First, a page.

The dominant dramatic genre on the American stage throughout the entire 19th century, melodrama lost its edge only in the 20th century when the influence of Henrik Ibsen and a growing preference for plays of psychological realism relegated the cheap appeals of melodrama first to the ten, twent', thirt' theatres and then to the silent motion pictures. Melodrama had taken hold in Europe by 1800 with the widespread translation and staging of German-language plays by August Kotzebue and French plays by Guilbert de Pixérécourt, both of whom deployed gripping plots leavened by sentimentality and humor. Adaptations of their work by William Dunlap and Mordecai Noah established the fairy-tale melodrama on the early 19th-century American stage, followed by romantic historical melodramas like those written for Edwin Forrest. Historical melodramas that continued to be revived throughout the 19th century include ingomar, the Barbarian and The Two Orphans.
   By mid-century, Thomas S. Hamblin, manager of New York City's Bowery Theatre, had demonstrated the viability of maintaining a stock company to perform blood-and-guts melodrama for working-class audiences. After the Civil War and the enduring example of Uncle Tom's Cabin, melodrama was often co-opted by social reformers, with temperance melodramas as a prominent subcategory. A growing demand for scenic spectacle spawned what Bruce Mc-Conachie has termed "apocalyptic melodramas," featuring conflagrations, shipwrecks, natural disasters, street riots, and battlefield action. Among the most successful authors of plays with sensational effects were Augustin Daly, Dion Boucicault, David Belasco, and later, Owen Davis.
   While the spectacular effects of sensation dramas like Mazeppa, Ben-Hur, Blue Jeans, and The Heart of Maryland continued to draw popular audiences throughout the modernist era, the genre also took a turn toward depicting the familiar reality of its patronage after 1870. Those who kept their stories more grounded in everyday experience included Bronson Howard, Clyde Fitch, Steele MacKaye, and William Gillette with plays like Shenandoah, The City, Hazel Kirke, and Secret Service respectively. While certain aspects of melodrama—clear distinctions between good and evil, suspenseful situations, tight and logically structured action—will always have a place in some form of the drama, the genre itself gradually fell out of fashion as the motion picture siphoned off its strongest customer base. By the early 20th century, the grand manner of acting that was so effective in scenes of pathos or terror appeared overwrought and laughable.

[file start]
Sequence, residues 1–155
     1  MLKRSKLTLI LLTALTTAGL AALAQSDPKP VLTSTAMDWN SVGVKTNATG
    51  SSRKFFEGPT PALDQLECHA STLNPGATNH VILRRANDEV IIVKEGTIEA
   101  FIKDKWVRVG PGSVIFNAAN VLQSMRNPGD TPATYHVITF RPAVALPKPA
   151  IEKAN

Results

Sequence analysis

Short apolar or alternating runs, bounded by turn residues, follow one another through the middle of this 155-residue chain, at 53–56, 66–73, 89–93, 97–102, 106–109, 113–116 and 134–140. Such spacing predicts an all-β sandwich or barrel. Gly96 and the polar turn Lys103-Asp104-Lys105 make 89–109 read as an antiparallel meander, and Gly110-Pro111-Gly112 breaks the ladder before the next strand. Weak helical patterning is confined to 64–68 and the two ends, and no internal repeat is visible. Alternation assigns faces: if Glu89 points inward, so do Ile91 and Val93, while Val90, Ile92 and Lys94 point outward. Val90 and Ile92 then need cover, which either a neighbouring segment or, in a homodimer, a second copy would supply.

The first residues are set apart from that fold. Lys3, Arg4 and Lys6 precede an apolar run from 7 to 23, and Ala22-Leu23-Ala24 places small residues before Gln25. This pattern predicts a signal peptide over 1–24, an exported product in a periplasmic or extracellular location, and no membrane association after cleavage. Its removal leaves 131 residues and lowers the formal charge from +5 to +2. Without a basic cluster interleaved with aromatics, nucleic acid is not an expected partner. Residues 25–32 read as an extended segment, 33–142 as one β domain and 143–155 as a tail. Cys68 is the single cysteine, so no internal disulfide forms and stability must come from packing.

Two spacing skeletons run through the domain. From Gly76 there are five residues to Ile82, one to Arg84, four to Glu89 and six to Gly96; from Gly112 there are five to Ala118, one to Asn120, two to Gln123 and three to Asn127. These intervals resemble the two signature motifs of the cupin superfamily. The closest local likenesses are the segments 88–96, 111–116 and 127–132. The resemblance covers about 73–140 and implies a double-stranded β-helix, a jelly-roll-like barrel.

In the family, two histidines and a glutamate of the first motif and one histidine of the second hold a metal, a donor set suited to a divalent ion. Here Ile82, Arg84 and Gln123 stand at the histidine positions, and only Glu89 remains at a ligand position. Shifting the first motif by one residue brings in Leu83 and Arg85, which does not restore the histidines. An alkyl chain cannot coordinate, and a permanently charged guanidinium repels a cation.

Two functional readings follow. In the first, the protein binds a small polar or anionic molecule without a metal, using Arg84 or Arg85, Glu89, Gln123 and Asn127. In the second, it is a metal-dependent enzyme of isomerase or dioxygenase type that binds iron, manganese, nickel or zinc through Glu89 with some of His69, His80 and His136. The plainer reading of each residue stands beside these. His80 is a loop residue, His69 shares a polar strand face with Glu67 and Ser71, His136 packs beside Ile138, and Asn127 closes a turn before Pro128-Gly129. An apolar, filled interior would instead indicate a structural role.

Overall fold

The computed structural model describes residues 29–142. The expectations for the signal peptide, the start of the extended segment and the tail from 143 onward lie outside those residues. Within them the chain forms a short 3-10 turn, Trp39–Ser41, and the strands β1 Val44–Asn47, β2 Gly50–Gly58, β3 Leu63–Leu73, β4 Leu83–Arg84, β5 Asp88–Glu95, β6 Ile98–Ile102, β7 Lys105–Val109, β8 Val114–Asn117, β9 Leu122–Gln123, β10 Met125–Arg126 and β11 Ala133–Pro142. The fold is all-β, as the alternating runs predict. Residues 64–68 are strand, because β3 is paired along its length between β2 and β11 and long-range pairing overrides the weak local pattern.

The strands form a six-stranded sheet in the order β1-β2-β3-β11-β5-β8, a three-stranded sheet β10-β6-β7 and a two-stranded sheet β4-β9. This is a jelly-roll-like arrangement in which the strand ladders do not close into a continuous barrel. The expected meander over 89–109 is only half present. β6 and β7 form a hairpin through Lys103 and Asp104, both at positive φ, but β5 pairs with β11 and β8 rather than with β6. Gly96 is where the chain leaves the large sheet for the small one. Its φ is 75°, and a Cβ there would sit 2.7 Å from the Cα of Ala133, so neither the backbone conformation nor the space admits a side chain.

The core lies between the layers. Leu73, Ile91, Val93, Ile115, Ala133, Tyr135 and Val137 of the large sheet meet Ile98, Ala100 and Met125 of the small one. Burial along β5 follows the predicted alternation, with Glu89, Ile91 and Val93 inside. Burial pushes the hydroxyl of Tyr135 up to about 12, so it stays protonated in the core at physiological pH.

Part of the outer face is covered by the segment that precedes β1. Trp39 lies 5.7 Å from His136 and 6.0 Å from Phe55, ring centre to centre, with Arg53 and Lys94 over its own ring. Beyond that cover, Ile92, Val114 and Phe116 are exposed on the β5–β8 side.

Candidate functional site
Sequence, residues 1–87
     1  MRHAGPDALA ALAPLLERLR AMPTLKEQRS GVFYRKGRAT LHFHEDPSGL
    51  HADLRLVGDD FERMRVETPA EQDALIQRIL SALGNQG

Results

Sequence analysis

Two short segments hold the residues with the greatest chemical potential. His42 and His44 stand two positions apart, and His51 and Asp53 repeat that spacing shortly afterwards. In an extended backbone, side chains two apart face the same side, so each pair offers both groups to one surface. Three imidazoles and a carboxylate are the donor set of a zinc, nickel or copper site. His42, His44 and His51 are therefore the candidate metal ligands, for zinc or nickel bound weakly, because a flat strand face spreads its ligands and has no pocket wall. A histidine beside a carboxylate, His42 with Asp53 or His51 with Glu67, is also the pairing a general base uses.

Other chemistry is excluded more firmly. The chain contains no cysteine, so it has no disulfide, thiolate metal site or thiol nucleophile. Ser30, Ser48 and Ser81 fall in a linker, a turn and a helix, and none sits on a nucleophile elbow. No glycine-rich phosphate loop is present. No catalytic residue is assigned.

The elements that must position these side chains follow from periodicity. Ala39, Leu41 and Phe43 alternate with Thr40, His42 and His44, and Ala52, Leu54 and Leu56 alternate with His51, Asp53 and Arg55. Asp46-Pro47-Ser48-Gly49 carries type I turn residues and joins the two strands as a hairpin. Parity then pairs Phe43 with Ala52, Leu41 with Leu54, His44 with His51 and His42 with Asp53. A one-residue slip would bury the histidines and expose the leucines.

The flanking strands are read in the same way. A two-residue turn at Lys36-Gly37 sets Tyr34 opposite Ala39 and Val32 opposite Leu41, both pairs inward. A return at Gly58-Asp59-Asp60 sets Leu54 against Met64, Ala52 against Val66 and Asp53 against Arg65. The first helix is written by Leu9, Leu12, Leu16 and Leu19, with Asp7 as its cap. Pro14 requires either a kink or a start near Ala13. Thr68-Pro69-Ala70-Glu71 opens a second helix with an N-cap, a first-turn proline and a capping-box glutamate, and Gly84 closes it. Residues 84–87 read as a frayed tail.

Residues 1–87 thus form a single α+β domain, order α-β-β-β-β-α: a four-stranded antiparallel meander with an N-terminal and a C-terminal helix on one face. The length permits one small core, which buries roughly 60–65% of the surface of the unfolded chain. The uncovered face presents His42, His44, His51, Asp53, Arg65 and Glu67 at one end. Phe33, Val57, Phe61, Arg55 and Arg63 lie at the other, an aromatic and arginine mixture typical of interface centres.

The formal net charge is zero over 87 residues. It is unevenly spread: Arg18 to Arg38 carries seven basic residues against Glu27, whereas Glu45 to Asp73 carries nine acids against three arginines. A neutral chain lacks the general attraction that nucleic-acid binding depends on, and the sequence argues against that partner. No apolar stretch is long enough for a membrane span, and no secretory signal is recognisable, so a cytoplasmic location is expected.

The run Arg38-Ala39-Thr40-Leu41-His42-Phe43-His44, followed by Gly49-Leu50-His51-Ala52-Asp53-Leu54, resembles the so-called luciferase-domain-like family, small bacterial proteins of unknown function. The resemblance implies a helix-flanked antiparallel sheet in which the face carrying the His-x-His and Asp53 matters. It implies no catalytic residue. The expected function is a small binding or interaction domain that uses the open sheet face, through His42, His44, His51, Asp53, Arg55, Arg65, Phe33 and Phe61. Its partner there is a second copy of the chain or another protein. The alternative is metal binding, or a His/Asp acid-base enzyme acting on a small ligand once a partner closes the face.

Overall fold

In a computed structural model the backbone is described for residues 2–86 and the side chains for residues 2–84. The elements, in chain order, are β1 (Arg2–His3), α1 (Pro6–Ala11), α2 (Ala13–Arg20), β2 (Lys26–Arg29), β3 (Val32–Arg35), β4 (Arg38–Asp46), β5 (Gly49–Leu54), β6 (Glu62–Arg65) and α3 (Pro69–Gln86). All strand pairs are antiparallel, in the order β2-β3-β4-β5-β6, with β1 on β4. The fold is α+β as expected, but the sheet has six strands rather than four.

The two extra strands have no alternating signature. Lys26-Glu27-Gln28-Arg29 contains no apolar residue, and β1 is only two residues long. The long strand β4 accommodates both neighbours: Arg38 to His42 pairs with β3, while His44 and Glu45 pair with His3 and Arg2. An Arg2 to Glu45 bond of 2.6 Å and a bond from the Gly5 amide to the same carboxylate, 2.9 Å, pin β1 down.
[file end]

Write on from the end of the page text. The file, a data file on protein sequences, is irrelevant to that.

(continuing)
The Historical Dictionary of the American Theater. .

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  • Melodrama — Mel o*dra ma, n. [F. m[ e]lodrame, fr. Gr. me los song + dra^ma drama.] Formerly, a kind of drama having a musical accompaniment to intensify the effect of certain scenes. Now, a drama abounding in romantic sentiment and agonizing situations,… …   The Collaborative International Dictionary of English

  • melodrama — (n.) 1784 (1782 as melo drame), a stage play in which songs were interspersed and music accompanied the action, from Fr. mélodrame (18c.), from Gk. melos song (see MELODY (Cf. melody)) + Fr. drame drama (see DRAMA (Cf. drama)). Meaning a romantic …   Etymology dictionary

  • melodrama — melodramà dkt. Išori̇̀niais póžymiais melodramà artimà tragèdijai …   Bendrinės lietuvių kalbos žodyno antraštynas

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